Happy Alaska Day (and an Alaska Fact You Never Thought You’d Hear)
Today is Alaska Day, the anniversary of the formal transfer of the Territory of Alaska from Russia to the United States. In some Alaskan towns, schools and businesses will close early and there will be parades and reenactments of the flag raising that sealed the transfer deal.
If you can't make it up there for the festivities, let's celebrate right here by talking about something that’s been the butt of countless jokes over the last 4+ years: Sarah Palin’s assertion that you can see Russia from Alaska. She's actually right. Feast your eyes upon the Diomede Islands.
On the left is Big Diomede, which belongs to Russia. On the right is Little Diomede, which is part of Alaska. At their closest, the islands are just a little less than two and a half miles apart. On a clear day, you can stand at sea level on one island and can see clear across to the other. (And according to local legend, you can also shout from one to the other—residents reportedly used to share the day's news by screaming across the water.)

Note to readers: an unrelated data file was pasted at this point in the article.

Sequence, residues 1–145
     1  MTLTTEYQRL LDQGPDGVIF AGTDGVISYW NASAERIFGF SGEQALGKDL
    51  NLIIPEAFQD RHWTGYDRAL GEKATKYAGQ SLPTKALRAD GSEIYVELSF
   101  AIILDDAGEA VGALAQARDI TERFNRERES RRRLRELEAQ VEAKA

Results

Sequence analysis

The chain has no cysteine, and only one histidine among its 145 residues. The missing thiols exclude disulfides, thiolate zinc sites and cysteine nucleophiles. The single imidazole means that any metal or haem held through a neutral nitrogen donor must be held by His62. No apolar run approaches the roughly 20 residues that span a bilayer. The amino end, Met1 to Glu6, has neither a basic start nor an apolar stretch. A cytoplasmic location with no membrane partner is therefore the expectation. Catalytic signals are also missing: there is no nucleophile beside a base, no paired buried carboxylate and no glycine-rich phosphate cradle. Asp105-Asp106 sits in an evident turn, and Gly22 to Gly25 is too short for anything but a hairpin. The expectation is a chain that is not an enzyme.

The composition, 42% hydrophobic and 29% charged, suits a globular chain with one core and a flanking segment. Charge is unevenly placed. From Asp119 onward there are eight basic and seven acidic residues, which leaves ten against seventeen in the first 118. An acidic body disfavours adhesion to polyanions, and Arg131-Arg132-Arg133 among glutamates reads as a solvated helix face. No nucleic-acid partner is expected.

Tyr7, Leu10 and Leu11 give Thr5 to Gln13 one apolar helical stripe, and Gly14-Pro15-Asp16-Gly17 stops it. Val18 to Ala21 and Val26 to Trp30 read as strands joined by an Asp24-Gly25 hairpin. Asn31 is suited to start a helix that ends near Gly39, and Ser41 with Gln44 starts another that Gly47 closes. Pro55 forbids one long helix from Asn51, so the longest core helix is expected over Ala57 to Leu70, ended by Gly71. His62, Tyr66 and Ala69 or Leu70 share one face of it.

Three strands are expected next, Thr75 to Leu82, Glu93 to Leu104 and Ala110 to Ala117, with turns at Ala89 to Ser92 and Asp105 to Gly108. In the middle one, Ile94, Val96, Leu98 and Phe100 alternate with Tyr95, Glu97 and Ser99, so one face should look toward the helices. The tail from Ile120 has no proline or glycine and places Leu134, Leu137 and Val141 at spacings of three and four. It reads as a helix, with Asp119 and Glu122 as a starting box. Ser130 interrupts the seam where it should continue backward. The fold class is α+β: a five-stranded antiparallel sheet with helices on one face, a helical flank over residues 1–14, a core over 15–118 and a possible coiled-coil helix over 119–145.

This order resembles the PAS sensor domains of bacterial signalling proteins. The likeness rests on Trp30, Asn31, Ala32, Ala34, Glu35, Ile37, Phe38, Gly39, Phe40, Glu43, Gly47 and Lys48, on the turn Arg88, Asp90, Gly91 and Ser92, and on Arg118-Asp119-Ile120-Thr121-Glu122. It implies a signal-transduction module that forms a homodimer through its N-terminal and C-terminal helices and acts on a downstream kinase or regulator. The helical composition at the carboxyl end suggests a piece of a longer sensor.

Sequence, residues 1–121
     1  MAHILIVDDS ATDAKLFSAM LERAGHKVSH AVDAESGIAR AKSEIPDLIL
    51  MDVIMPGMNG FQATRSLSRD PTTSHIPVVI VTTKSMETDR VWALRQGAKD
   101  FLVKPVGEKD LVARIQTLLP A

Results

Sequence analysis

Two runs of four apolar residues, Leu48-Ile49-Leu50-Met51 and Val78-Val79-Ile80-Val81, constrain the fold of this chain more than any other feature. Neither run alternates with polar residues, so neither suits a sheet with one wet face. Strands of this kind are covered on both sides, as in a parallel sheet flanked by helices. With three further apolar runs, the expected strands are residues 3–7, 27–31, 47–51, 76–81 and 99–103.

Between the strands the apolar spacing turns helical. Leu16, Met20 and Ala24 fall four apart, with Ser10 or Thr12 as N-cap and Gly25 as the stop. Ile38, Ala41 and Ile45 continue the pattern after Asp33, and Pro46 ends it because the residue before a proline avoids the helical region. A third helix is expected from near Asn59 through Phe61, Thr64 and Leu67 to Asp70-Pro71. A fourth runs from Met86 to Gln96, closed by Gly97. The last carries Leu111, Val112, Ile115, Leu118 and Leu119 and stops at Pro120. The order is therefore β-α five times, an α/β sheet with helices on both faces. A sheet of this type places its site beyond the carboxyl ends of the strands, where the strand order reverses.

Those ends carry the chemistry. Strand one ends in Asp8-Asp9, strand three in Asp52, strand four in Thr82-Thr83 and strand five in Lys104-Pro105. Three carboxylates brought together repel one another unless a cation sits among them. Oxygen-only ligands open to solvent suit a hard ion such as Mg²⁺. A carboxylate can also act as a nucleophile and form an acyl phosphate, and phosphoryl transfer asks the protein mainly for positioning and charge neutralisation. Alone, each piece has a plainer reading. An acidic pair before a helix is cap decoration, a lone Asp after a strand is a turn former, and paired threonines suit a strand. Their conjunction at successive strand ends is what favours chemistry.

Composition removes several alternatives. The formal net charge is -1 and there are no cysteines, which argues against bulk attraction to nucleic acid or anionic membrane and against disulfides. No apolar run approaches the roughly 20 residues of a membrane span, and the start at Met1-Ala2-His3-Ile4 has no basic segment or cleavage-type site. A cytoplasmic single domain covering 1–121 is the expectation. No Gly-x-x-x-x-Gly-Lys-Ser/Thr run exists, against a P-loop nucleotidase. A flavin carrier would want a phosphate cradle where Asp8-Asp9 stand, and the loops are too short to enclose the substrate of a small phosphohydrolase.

Both islands are named after the Russian Saint Diomede and were discovered by Europeans in 1728 on the saint’s feast day. During the Cold War, the short distance between the islands became known as the Ice Curtain, though the border was hardly tense. The native population of Big Diomede Island was relocated by the Russian government to mainland Russia shortly after World War II and Little Diomede had only a small Inupiat Inuit population. In 1987, open-water swimmer Lynne Cox swam from the little island to the big one and received kind words from both Mikhail Gorbachev and Ronald Reagan, helping to ease tension between the superpowers just a little bit.